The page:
A judge in Bogotá called Salvatore Mancusco, “Don Berna,” “Ernesto Báez,” “El Alemán” and “Jorge 40,” to testify in the trial of José Miguel Narváez, accused of the murder of Jaime Garzón.
Jaime Garzón was murdered on August 13, 1999 by gunmen sent by Carlos Castaño.
During the preliminary hearing of the trial of José Miguel Narváez, accused by the prosecution of instigating Carlos Castaño to kill the journalist and humorist Jaime Garzón, the judge of the Seventh District Court of Bogotá called former paramilitary leaders Salvatore Mancuso, Diego Fernando Murillo (alias “Don Berna), Freddy Rendón Herrera (alias “El Alemán”), Iván Roberto Duque (alias “Ernesto Báez”) and Rodrigo Tobar Pupo (alias “Jorge 40”) to give their version of events.
One piece of evidence the prosecution will present will be the USB drive of the late paramilitary boss Carlos Castaño, which, according to several sources, contains information that Narváez gave to the paramilitaries in order to commit the crime. The USB was turned in to officials by Ever Veloza (alias “HH”).
Contained in the files are also records of various operations ordered by Castaño. An informatics group of the ITC has been given the task of assessing their veracity.
Former Senator Piedad Córdoba, and other former paramilitaries including José Gregorio Díaz (alias “The Surgeon”), Castaño´s bodyguard, and Jesús Emilio Pereira (alias “Alfonso), will also testify.
Upon considering that testimony from former paramilitary bosses Iván Laverde (alias “The Iguano”) and Raúl Hasbún had already been heard by the prosecution, the judge ruled against its repetition during the trial.
At the exit to the courthouse, Narváez, the former sub-director of the DAS, assured his innocence and welcomed the testimony of the former paramilitary bosses.
On August 13, 1999, Jaime Garzón was killed by two gunmen on his way to the facilities of Radionet in Bogotá. In so doing, they took the life of one of the country´s most beloved journalists. The judicial process culminated in 2004 with the conviction of Carlos Castaño Gil, the commander of the AUC; however, with Castaño´s assassination that same year, the ruling never took effect.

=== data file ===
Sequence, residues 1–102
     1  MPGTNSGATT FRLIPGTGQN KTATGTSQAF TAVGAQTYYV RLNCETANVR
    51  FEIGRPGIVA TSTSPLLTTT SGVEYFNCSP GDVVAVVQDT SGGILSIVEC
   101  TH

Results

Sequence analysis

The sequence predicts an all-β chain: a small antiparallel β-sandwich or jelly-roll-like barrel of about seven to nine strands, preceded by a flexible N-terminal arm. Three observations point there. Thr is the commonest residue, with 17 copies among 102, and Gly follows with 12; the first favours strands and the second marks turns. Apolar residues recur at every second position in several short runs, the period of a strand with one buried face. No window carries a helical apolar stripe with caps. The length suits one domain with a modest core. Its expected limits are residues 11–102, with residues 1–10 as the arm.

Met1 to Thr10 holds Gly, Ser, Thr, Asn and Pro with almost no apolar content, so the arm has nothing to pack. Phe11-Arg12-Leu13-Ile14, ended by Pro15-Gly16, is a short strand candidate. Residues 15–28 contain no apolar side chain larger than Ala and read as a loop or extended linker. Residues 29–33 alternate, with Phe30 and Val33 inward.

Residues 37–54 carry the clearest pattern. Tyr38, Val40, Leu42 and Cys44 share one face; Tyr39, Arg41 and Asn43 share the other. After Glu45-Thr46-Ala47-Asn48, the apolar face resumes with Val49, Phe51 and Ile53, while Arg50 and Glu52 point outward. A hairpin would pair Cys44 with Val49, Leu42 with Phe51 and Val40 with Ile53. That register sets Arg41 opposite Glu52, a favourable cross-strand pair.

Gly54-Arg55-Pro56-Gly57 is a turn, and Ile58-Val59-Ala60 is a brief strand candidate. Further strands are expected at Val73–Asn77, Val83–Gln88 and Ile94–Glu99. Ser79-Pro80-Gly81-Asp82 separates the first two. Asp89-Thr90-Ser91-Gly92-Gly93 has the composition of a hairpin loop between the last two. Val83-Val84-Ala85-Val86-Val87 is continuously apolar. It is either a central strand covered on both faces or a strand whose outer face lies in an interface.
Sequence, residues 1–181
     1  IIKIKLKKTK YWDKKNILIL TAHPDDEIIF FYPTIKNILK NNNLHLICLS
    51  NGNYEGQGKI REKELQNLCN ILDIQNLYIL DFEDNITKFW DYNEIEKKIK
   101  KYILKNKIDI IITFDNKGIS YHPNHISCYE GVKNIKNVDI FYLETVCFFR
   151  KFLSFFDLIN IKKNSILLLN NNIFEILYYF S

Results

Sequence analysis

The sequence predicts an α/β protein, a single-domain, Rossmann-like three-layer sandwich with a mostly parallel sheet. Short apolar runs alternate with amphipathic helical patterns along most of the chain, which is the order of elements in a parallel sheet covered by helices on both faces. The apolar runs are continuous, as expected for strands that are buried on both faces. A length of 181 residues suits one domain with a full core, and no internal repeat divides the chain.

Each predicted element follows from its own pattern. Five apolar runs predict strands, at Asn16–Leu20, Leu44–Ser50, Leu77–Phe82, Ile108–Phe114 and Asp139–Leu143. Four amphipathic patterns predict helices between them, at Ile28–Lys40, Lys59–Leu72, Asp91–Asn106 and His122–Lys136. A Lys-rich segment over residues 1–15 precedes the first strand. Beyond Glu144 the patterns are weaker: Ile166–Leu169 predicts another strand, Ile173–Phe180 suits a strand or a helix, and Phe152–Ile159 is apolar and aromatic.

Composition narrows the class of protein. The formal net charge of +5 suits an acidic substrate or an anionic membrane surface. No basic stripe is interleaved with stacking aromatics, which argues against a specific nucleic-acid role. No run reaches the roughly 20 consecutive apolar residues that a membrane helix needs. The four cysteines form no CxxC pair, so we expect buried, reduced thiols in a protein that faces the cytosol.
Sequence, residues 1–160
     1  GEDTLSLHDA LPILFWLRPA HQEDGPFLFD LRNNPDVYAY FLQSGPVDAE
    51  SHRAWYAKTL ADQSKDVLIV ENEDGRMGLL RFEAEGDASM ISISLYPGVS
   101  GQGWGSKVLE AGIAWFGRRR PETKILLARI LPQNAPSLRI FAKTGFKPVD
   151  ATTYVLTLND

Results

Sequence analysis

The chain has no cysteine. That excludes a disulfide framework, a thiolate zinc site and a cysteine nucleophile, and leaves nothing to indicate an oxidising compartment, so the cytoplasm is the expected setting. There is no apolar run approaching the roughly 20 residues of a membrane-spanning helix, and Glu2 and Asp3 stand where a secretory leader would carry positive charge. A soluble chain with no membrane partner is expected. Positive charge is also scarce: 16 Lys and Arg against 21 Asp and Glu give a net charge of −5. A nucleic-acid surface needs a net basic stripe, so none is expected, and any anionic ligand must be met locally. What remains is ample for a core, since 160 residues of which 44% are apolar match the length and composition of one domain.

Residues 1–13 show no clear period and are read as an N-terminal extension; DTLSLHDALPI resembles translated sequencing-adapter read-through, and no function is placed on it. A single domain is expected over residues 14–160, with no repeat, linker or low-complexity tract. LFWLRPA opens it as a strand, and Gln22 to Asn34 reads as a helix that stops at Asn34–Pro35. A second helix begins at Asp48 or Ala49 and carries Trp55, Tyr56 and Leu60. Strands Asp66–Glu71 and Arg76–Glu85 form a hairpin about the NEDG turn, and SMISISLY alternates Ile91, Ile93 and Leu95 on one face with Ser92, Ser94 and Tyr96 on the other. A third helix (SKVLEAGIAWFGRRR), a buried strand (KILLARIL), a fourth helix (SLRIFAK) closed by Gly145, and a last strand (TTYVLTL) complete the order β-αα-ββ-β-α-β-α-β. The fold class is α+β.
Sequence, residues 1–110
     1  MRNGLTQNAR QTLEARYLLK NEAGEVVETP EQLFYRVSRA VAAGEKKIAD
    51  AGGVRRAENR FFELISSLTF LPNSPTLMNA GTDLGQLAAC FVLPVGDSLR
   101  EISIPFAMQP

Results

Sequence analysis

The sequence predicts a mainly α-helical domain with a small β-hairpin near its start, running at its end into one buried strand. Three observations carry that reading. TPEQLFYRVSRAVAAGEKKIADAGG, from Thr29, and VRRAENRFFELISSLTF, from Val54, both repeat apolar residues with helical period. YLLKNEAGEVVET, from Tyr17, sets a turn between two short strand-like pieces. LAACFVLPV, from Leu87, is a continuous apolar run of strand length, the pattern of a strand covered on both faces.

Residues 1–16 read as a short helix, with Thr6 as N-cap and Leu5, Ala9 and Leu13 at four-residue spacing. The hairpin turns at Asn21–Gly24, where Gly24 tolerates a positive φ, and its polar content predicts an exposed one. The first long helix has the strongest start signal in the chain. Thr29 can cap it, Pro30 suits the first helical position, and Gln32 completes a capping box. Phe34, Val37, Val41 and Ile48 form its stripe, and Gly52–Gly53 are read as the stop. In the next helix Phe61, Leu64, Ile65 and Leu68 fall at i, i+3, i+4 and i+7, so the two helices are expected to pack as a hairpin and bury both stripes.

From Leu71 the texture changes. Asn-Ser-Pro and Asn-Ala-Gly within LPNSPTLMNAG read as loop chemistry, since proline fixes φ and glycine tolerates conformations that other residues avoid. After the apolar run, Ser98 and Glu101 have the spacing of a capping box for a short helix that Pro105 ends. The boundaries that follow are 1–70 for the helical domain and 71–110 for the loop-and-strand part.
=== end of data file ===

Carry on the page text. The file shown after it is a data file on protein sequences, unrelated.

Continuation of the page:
Last June, the prosecution accused Narváez as the instigator of Garzón´s murder. This decision was based on the testimony of several paramilitaries, which implicated him as the advisor to the paramilitaries who ordered the death of the journalist.
Evidence against Narváez includes the testimony of five former paramilitary bosses indicating that he was the person who lead Carlos Castaño to give the order to murder Garzón. But the accusations against him run deeper than the humorist´s murder.
Narváez is also accused of being one of the main perpetrators in the kidnapping of Senator Piedad Córdoba by the paramilitaries.
The magazine SEMANA reported that “the more demanding challenge is that evidence from former leaders of the AUC not only links Narváez to these episodes, but also indicates a larger influence that he retained over the actions of the paramilitaries during the past decades as a teacher and ideologue.”
“He met several times with Castaño and with me to teach us to fight the communists. He was involved with various paramilitary training schools where he had the opportunity to indoctrinate those men,” said Salvatore Manusco in his testimony from a U.S. prison in February 2009, referring to Narváez.
“He shot at everybody and said that it was lawful to fight communists, no matter where you encountered them. The fervor with which he spoke surprised us. Later he told us to take note and made a list of the 50 NGOs he claimed were owned by guerillas. Afterwards I said to Carlos [Castaño]: “This man is a terrorist.” It surprised me to see him a second time in the DAS (??),” said Freddy Rendón (“The German”).
Diego Fernando Murillo Bejarano (“Don Berna”), Iván Roberto Duque (“Ernesto Báez”) and Jorge Iván Laverde (“The Iguano”) have provided similar testimony to the authorities. These stories, along with other evidence, are what today have Narváez behind bars.
What is surprising is that although some of this evidence is old, and many facts regarding Narváez have been known for years, only now have the courts set their sights on a character with a story capable of opening many doors toward answering the questions that justice has not been able to resolve.
Narváez is a former businessman and Army Reserve officer who for years worked as an adivsor to the Ministry of Defense on matters of intelligence. He taught at the War College and served as deputy director of the DAS for several months in the administration of Jorge Noguera, also prosecuted for his ties to the AUC. At various times he was the advisor to the Federation of Livestock (Fedegán), a post he held until shortly before his arrest. In the Armed Forces he has always been associated with the most controversial military officials, including General Rito Alejo del Rio.
The fact that Narvaéz must face justice is certainly important. But the vital point is that these investigations cannot simply uncover the tip of the iceberg. Clearly, Narváez did not act alone. The challenge for authorities, therefore, is to identify the people behind these actions and this controversial character.